From Longman Dictionary of Contemporary Englishbehindbe‧hind1 /bɪˈhaɪnd/ ●●● S1 W1 preposition, adverb 1 BEHINDat or towards the back of a thing or person I turned to speak to the person standing behind me. Someone could easily creep up behind us. The car behind was hooting impatiently. Jane shut the door behind her. The manager was sitting behind a large desk.close behind/not far behind He set off down the road with the rest of us following close behind. ► Don’t say ‘behind of’: He hid behind a chair (NOT behind of a chair).2 LOSE A GAME, COMPETITION, OR WARnot as successful or not having made as much progress as someone or something else Mark’s always behind the rest of his class in mathematics. This victory lifts Ferguson’s team into fifth place, nine points behind leaders Norwich. Europe was falling behind in the important field of computer technology.3 used to say that someone is late in doing what they have to do This work should have been finished yesterday. I’m getting terribly behind. Victor had fallen behind with his mortgage payments after losing his job. an important research project that is already two years behind schedule (=not ready at the time planned)4 REASONused for talking about the hidden reason for something I wonder what’s behind this change of plan. Perhaps a bitter experience lay behind her anger.5 SUPPORT A PERSON, GROUP, OR PLANsupporting a person, idea etc The workers are very much behind these proposals. I suppose I’m lucky because my parents were behind me all the way. 6 RESPONSIBLEresponsible for a plan, idea etc or for organizing something It was alleged that foreign agents were behind the recent violence. The Rotary Club is behind the fund-raising for the new hospital.7 FORGETif an unpleasant experience or situation is behind you, it no longer upsets you or affects your life Now you can put all these worries behind you. a chance to start a new life and leave all your troubles behind8 LEARNif you have experience behind you, you have gained valuable skills or important qualities that can be used Marjorie is one of the top designers in the business, with years of experience behind her.9 HIDE/NOT SHOWused when the real facts about a situation or someone’s character are hidden by the way things seem or by the way a person behaves We were determined to find the truth behind this mystery. You could see the burning hatred behind Graham’s calm manner.10 if a student stays behind after school or after a lesson, they stay after it has finished → behind somebody’s back at back2(9), → behind bars at bar1(7), → behind the times at time1(38)THESAURUSbehind at or towards the back of something, and often hidden by itThe sun went behind a cloud.I got stuck behind a truck on the way to the airport.at the back British English, in (the) back American English behind something, especially a buildingThere’s a small garden at the back of the cottage.Their house has a pool in the back.at/to the rear written behind something, especially a building. At/to the rear sounds rather formal and is used especially in written descriptionsThey parked in a small car park at the rear of the hotel.There is a small seating area to the rear.in the background if someone or something is in the background, it is behind the place where the main activity is happeningIf you look carefully at the painting, you will see several men sitting at a table in the background.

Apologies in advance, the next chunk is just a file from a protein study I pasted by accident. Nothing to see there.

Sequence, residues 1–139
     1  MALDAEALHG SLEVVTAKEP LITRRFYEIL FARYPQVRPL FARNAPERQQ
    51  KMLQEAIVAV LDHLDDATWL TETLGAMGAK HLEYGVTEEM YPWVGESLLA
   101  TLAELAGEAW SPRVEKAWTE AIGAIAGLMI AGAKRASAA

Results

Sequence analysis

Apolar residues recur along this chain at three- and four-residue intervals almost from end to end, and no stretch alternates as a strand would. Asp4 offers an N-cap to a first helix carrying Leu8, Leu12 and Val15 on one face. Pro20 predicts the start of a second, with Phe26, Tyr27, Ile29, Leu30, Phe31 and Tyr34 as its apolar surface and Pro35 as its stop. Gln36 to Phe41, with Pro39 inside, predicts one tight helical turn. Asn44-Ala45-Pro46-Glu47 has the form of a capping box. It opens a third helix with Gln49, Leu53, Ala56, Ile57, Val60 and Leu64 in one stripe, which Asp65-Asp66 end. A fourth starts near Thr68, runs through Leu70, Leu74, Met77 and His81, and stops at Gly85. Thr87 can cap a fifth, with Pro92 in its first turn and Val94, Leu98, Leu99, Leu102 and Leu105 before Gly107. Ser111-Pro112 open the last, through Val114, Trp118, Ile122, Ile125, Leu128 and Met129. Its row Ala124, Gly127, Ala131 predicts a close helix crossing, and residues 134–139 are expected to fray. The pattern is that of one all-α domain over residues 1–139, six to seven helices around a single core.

Examples from the Corpusbehind• I was driving behind a truck on the freeway.• What's behind Cooper's opposition to the changes?• Ronstadt's days as a rock star are behind her, for now.• Gutierrez entered the race with six weeks of solid training behind her.• Behind his gruff exterior, she finds a sweet soul.• He sat behind me.• It's interesting to learn the history behind the buildings.• the mountains behind the city• Is that your shoe behind the couch?• The Rams were 21 points behind the Falcons with only 10 minutes left to play.• The police believe a local gang is behind the killings.• Surprisingly, Congress appears to be firmly behind the President on this issue.• The Chamber of Commerce is behind this year's annual fund-raising dinner.behind schedule• Interstate 880 opened Tuesday, only three months behind schedule.• First flight was scheduled for December 1963 but due to fuel tank leakage the programme fell well behind schedule.• Home project had fallen behind schedule.• That dredging is now behind schedule.• The Community is therefore currently behind schedule.• Today thousands of commuters were delayed for up to 35 minutes as trains ran behind schedule.• Unfortunately, the difficulty of mustering the parade had been badly miscalculated and it was behind schedule.• Countless advanced communications projects have fallen behind schedule after being heavily promoted.behindbehind2 noun [countable] informalHBH the part of your body that you sit on SYN bottom
Examples from the Corpusbehind• Craig: Cheryl's not so much always behind as all behind.• But Sixo had already melted into the woods before the lash could unfurl itself on his indigo behind.• I denied homosexual inclinations but he still made me bend down so that he could inspect my behind with a wooden spatula.From Longman Business Dictionarybehindbe‧hind1 /bɪˈhaɪnd/ adverb be/get/fall behind (with something) to be late making a regular payment or doing workOver 4% of British borrowers are likely to be a month or more behind with their repayments.You may be putting your tenancy at risk if you fall behind with the rent.I can’t sleep at night because I’m worried about getting behind with my work.behindbehind2 preposition1be behind somebody/something to support a person, an idea, or the work they are doingCabinet Ministers rallied behind the Prime Minister yesterday.2not as advanced or successful as someone or something elseTheir social and economic development is so far behind the rest of the world that they can never compete on equal terms.3behind schedule not arriving or happening at the right timeCommuters were delayed for up to 35 minutes as trains ran behind schedule.Contractors who fall behind schedule will incur financial penalties.Origin behind1 Old English behindan, from hindan “from behind”